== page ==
What Is an Airport Hotel?

Here's how to pick the best hotel for a long layover or an early-morning flight

Westin Denver International Airport Hotel at sunrise, Denver, Colorado USA. The curved roof mimics the concave shape of the Jeppesen Terminal tents adjacent.
Blaine Harrington III

You can probably infer what an airport hotel is from its nomenclature: it’s a hotel at an airport. Most commonly used by passengers and crew with long layovers or early-morning flights, these properties range from luxury accommodations with rooftop pools and fine dining to budget-friendly chains that cover just the basics. But booking the right airport hotel might be a little more complicated than you might expect. Here are the things you need to know about airport hotels—and how to pick the right one for your next trip.

Landside Airport Hotels

The most common type of airport hotel is outside the airport’s secure zone on what’s called the airport’s landside. Sometimes they’re directly connected to the main airport terminal, while in other cases, they’re a shuttle ride away. (Typically, the former is more expensive, and the latter is more affordable). In either case, these hotels pretty much function like any other hotel, except for their check-in and check-out times. While some airport hotels have nightly rates like regular hotels, with late afternoon check-ins and late-morning check-outs, others offer day rates so you can check-in in the morning and check out in the afternoon or evening, which is ideal for travelers with a daytime layover. For landside airport hotels, you don’t need to have a plane ticket to book a stay—they’re open to anyone. Sometimes you’ll even find aviation enthusiasts staying at airport hotels just to watch planes fly by!

Airside/Transit Airport Hotels

Some of the bigger airports used for international connections, such as Hamad International Airport in Doha, Qatar, and Dubai International Airport in the United Arab Emirates, have hotels on the airside (that’s the area post-security) called transit hotels. Unlike the landside airport hotels, these accommodations are only available to ticketed passengers, as they’re located behind security. They’re designed for passengers with long layovers who would like a private space to rest, work, sleep, or simply take a shower. In most cases, transit hotels offer non-traditional rates—many allow you to book several-hour time slots to fit your layover schedule, so you don’t have to pay a full nightly rate.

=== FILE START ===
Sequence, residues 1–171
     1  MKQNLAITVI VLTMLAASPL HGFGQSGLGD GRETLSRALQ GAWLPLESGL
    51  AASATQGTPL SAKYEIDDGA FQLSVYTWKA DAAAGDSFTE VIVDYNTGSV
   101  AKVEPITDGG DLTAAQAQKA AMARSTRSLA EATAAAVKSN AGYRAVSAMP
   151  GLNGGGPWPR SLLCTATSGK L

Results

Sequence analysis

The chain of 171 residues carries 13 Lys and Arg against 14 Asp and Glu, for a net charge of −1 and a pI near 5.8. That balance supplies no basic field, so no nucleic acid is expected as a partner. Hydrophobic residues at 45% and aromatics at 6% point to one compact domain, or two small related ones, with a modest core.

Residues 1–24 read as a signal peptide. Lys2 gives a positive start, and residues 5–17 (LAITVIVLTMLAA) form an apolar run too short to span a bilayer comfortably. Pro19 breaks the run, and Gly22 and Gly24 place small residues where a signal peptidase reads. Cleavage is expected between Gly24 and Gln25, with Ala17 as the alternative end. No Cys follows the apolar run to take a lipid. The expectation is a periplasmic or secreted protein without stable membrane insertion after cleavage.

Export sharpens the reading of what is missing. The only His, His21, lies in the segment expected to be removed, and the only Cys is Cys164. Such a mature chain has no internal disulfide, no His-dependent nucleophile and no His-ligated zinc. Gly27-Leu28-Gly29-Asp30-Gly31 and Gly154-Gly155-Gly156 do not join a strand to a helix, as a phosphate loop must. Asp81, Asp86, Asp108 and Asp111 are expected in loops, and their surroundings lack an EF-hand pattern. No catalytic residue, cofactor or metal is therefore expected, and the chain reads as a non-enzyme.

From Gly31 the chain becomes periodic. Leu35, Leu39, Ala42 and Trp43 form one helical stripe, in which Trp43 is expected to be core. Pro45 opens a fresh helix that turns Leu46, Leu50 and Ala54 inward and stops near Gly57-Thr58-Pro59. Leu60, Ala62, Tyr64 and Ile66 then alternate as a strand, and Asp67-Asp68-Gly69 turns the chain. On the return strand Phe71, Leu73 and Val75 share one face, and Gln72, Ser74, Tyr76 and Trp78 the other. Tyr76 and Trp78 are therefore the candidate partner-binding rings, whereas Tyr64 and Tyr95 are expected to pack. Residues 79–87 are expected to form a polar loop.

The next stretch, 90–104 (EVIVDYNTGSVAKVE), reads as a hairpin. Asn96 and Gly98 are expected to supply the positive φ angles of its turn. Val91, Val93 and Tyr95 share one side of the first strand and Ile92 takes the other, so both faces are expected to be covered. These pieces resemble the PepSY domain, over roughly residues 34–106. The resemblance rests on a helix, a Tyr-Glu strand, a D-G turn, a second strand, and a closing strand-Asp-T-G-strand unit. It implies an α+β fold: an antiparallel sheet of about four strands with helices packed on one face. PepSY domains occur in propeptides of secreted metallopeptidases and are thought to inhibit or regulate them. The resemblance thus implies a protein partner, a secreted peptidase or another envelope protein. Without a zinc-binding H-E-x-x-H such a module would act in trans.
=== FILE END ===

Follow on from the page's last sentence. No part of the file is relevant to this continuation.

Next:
How to Pick an Airport Hotel

Do you have an early-morning flight or a long layover coming up? Here’s what you should consider when picking an airport hotel. 

For Early-Morning Flights

Book a landside airport hotel if you’re planning on spending the night there before your flight in the morning. The only thing you really need to consider is if you’d like to be within walking distance of the airport terminal or if you’re willing to make a short commute in the morning. Naturally, the short walk is easier; however, terminal-adjacent hotels can get pretty pricey. If you pick a hotel farther away, make sure they offer shuttles, otherwise you might have to call a taxi or drive yourself to the terminal.

For Layovers

If you’re looking for a place to rest on a long layover, opt for a terminal hotel if possible—that way, you don’t have to go through security again before your next flight. But terminal hotels aren’t available everywhere, which means you might need to leave the airport’s secure area to stay at a landside hotel. In that case, you need to make sure you leave yourself plenty of time to target back through security. You also need to consider visas if you’re traveling internationally—you may not be permitted to exit the airport without the proper paperwork, which would rule out staying at a landside terminal hotel.

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